The world lost one of its greats over the weekend. Iain Banks, one of our finest novelists, whisky expert, raconteur and one of the nicest men you could ever hope to meet, lost his battle with cancer on Sunday, 9th June. Tributes have already been paid and, no doubt, more will be forthcoming; these are some of ours:
The ship didn’t even have a name.
This, believe it or not, is the first line in the first science fiction novel that Iain M. Banks published, Consider Phlebas. It’s too soon for retrospectives – the wound is too fresh – but I suspect Iain would have appreciated the irony of beginning an SF career that brought new wit and invention to the naming of starships with such a line.
No doubt many words of appreciation will be written over the coming days and weeks, many books re-read and many glasses of whisky raised to his memory. For my part, I think I’ll look not to the past but to the future. Rather than thinking of Iain as ‘gone’, I prefer to think of him as ‘away’ – away on a journey without end, travelling the length and breadth of the Culture, collecting new tales and charming all he meets; standing, no doubt, on the bridge of the GCU Dramatic Exit, Or, Thank you And Goodnight.
No, thank you, Iain.
I originally wrote this when the news that Iain Banks had terminal cancer was made public. The news yesterday of his death prompts me to put it here now. I thought I had longer for the re-read . . .
I read The Wasp Factory a long time ago. It’s only in the last year or so (after thirty years of being an English student, a bookseller and a publisher) that I have, belatedly, decided that the race ‘to have read’ is a pitiless and destructive thing and that re-reading is good and valuable. And as is the sad way of these things, the recent awful news from Iain means that The Wasp Factory has pushed its way right up the re-read pile. I’ll be a different reader, the book will be a different book, Iain Banks will reach out across the years and knock me sideways again. He might do it differently, he might knock me a different direction but he’ll do it. Because what I do remember from reading The Wasp Factory all those years ago (more than twenty), is its extraordinary power. Its willingness to take literature and shake it until it whimpered. Its ability to evoke a lonely landscape and the people changed by it. Its willingness to shock but also its readiness to care, care about people on the margins, care about how words work. I’d never read anything like it when I read it then. I’m prepared to bet I’ll still have read nothing like when I read it again later this year. And that’s the mark of a great book and a great writer. The Wasp Factory, like any great book is one that will last you along all the road. One for the road, Mr. Banks. Thank you.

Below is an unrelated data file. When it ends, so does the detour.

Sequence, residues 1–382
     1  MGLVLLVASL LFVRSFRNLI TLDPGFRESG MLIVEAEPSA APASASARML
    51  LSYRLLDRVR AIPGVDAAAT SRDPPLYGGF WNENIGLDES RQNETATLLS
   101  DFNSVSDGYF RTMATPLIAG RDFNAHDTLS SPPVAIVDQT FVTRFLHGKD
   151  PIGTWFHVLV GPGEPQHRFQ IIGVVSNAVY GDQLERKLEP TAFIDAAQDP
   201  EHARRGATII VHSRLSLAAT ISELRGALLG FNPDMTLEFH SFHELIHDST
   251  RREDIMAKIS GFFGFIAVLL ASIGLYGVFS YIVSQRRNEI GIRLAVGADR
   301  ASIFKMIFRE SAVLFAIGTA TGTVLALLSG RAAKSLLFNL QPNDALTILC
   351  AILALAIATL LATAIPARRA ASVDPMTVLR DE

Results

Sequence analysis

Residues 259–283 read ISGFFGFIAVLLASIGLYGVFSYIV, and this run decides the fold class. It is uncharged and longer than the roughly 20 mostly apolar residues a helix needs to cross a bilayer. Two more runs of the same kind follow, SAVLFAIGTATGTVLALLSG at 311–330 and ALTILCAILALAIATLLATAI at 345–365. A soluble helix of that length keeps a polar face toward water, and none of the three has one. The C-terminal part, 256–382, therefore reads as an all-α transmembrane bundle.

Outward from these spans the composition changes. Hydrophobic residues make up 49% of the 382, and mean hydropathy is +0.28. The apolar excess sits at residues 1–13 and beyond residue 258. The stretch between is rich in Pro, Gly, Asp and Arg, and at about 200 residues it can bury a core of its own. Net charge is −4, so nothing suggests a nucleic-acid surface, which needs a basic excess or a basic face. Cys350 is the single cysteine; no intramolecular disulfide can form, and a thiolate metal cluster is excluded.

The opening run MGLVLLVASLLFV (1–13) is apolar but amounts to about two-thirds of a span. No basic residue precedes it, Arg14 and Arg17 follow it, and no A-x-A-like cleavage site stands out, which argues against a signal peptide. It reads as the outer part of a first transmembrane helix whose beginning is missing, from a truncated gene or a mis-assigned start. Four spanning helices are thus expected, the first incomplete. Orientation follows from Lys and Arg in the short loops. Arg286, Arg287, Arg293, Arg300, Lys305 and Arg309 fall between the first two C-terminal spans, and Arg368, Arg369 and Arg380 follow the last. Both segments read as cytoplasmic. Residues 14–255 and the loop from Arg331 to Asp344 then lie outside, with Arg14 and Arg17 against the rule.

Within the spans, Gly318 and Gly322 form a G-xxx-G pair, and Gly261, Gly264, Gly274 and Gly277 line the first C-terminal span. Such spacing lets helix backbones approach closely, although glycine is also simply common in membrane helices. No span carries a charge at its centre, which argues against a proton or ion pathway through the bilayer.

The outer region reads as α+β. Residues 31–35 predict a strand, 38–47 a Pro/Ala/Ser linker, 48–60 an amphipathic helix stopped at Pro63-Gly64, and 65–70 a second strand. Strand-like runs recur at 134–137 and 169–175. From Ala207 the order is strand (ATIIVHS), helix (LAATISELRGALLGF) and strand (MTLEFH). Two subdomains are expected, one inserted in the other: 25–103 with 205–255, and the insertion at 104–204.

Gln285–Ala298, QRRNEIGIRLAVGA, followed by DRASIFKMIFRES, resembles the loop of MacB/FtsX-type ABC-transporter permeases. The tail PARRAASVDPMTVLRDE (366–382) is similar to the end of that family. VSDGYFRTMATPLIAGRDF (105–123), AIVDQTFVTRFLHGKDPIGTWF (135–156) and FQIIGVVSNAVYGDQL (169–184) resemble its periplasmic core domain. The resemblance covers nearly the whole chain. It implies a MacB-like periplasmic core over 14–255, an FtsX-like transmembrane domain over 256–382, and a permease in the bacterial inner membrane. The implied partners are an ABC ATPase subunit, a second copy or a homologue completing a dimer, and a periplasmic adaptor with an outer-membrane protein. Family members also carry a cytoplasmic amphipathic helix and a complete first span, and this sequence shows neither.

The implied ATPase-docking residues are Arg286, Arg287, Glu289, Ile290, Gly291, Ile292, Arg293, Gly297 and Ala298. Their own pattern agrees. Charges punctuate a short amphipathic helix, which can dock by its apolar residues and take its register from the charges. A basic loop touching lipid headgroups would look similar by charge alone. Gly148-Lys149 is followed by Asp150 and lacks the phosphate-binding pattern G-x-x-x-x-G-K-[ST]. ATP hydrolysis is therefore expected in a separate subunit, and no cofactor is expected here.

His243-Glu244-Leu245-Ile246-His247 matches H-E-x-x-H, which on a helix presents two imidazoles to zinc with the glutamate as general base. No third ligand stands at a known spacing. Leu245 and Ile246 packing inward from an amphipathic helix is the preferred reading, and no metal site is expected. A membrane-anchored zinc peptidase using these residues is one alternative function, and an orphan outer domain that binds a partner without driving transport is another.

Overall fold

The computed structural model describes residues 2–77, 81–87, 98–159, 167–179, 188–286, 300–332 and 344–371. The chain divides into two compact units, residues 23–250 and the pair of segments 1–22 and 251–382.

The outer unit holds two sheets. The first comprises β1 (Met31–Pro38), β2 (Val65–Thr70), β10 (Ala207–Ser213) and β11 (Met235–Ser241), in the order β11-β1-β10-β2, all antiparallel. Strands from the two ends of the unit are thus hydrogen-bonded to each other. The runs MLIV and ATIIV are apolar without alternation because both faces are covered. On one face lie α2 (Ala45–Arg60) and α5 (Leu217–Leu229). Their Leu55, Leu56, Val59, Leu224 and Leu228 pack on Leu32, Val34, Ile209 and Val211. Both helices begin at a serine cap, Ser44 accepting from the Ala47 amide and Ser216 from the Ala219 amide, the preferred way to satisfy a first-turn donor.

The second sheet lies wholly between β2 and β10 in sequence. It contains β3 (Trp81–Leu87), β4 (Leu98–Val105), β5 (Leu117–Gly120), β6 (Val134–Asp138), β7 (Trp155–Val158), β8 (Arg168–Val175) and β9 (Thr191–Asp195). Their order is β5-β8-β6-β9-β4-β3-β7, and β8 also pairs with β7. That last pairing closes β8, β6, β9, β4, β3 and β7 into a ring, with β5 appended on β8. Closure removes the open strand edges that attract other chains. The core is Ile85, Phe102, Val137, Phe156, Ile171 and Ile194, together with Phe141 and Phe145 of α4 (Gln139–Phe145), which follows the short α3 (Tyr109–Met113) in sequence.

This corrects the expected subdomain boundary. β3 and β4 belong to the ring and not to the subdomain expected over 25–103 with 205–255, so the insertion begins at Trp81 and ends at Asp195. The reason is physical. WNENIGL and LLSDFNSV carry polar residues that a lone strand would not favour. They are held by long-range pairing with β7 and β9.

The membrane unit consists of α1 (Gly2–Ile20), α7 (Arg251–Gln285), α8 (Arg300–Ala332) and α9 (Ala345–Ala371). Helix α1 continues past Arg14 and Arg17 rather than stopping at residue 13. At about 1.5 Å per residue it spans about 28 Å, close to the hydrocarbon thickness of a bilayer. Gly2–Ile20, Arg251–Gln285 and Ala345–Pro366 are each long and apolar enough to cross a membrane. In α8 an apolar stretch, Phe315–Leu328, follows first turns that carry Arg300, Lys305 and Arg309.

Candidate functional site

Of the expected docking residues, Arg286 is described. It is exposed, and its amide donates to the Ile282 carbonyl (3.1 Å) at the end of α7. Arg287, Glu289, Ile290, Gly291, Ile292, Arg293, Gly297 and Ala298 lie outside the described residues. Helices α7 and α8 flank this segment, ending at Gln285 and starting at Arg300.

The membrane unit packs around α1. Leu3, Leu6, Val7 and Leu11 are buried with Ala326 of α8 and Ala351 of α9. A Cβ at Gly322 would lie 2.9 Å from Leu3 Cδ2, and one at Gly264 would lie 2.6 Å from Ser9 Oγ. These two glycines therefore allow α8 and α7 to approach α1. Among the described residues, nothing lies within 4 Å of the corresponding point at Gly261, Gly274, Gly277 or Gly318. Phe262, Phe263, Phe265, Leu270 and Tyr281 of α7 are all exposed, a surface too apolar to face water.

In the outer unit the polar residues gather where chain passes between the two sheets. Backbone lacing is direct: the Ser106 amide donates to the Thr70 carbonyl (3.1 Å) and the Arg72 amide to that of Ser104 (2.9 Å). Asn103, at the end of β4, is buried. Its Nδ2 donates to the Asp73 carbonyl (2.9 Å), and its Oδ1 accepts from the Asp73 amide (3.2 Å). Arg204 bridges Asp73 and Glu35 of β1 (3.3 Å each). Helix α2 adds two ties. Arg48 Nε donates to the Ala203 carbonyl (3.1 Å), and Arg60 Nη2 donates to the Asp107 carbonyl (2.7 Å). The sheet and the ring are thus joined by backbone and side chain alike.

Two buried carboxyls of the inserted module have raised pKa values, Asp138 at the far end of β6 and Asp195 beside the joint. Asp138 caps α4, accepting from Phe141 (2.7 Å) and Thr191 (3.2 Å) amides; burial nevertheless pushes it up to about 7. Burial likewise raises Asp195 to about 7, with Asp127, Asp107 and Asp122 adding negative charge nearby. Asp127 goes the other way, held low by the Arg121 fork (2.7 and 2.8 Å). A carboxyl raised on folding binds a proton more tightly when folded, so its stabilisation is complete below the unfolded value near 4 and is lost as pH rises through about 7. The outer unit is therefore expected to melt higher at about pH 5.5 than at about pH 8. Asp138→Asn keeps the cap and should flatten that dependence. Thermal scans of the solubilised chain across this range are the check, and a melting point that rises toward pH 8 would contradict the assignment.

R.I.P. Iain Banks, taken from us too soon with too much still to say. All at Gollancz are deeply saddened by the news and our thoughts are with his family and friends at this sad time.
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